Kansas, City, Missouri, USA
May 5, 2020
TechAccel, the Kansas City-based technology and venture development company, today congratulates Dr. Sally Mackenzie, founder of Epicrop Technologies Inc., for publication of an important discovery in the prestigious scientific journal Nature Communications.
The paper describes important epigenetic mechanisms that plants use to respond to environmental stress. Plants cannot typically pick up their roots and move to avoid a stress, but they can employ these mechanisms – described as “memory” – to change the relative expression levels of their existing genes. As a result, some of their progeny appears to be better adapted to resist the stress.
Previous research showed that manipulation of one critical gene, MSH1, can be effectively used to control this process and create enhanced plants with improved vigor and yield. The epigenetic technology involves the expression of existing DNA; it does not require the introduction of new genetic material from another source.
“The finding has important implications for plant and crop breeding,” said Brad Fabbri, Ph.D., TechAccel Chief Science Officer. “Dr. Mackenzie’s group has worked for years to advance the science behind MSH1 and has demonstrated promising results in multiple plant species.”
He added: “In light of climate change, environmental stress and increased demand for food, our crops are under increasing pressure. This technology gives us a new way to help equip plants with the resiliency to respond.”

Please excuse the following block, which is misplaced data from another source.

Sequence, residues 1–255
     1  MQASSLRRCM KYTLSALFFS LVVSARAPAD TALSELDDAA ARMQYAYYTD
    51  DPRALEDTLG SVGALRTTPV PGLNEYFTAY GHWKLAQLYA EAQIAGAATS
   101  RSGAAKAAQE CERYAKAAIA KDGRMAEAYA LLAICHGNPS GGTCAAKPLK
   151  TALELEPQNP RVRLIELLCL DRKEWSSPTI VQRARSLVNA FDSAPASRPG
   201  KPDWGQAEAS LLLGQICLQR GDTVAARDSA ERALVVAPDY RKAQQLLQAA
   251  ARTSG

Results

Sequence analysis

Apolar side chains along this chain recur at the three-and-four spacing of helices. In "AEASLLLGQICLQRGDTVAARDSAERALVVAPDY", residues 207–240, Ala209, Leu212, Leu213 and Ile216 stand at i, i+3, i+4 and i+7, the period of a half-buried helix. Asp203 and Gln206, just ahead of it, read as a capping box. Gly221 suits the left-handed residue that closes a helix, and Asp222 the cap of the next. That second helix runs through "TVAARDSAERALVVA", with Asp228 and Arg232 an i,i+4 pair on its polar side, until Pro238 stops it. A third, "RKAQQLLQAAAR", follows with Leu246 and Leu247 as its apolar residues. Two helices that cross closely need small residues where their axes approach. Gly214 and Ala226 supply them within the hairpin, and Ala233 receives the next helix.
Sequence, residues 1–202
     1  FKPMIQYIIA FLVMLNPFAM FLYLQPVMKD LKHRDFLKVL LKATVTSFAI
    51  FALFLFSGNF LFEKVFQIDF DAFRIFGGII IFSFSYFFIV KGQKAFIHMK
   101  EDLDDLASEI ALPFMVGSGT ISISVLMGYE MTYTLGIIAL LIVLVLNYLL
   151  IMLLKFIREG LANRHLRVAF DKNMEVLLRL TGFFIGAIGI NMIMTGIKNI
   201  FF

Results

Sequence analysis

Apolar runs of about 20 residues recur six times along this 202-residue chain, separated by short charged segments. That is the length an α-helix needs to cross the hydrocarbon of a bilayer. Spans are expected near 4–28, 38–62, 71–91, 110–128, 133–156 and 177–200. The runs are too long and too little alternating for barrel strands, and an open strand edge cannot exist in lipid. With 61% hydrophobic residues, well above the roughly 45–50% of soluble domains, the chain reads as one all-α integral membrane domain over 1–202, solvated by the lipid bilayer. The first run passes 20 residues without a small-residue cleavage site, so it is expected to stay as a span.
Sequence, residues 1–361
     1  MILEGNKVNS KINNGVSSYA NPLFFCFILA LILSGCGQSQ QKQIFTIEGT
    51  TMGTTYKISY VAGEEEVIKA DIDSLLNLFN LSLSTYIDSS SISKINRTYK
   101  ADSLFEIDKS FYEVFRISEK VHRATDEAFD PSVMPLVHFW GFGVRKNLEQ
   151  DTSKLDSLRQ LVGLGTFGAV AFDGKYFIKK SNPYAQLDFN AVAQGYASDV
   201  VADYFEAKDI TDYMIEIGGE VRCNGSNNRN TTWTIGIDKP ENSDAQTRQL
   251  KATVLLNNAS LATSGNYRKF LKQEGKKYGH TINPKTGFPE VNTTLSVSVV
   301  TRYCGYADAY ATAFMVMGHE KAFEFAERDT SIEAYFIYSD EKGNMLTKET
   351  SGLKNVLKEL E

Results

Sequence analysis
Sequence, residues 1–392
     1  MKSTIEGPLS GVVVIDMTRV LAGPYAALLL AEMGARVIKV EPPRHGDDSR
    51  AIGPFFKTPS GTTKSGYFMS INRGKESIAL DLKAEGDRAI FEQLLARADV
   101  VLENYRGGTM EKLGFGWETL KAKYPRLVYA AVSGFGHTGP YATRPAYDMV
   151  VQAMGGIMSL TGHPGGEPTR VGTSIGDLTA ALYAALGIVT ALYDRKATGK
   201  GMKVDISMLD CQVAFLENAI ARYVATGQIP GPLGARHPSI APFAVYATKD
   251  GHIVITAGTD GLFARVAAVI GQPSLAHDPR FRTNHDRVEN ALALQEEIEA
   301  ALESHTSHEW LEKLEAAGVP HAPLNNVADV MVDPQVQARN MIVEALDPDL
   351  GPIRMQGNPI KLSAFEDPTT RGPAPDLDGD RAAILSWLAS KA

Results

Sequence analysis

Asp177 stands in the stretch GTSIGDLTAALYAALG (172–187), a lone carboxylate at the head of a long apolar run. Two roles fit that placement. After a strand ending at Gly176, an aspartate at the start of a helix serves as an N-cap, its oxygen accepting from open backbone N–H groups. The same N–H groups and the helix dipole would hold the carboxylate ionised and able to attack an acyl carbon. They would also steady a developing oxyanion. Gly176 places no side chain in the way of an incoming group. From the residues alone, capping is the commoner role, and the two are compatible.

Dr. Mackenzie is a professor of plant science in the College of Agricultural Sciences and professor of biology in the Eberly College of Science. She holds the Lloyd and Dottie Huck Chair for Functional Genomics and serves as the director of the Plant Institute at Penn State. She founded Epicrop, an agricultural biotechnology company, following her research discoveries in epigenetics while at the University of Nebraska-Lincoln.
TechAccel’s business model funds the commercialization of promising research in ag biotechnology and animal health.
TechAccel has supported Dr. Mackenzie’s research since investing in Epicrop’s extended Series A round in 2017. Since then, Epicrop and TechAccel have launched two ventures to apply Epicrop’s epigenetic platform to canola and strawberry crop improvements, while Epicrop focuses on increasing yields and stress tolerance in soy and tomato.
”What is most compelling about the MSH1 system is it's amenability to application,” Mackenzie said. “The system is basically ready for deployment in soybean and tomato."
Fabbri said, “This research could have significant impact in global agriculture. We’re honored to be collaborating with Dr. Mackenzie and her team.”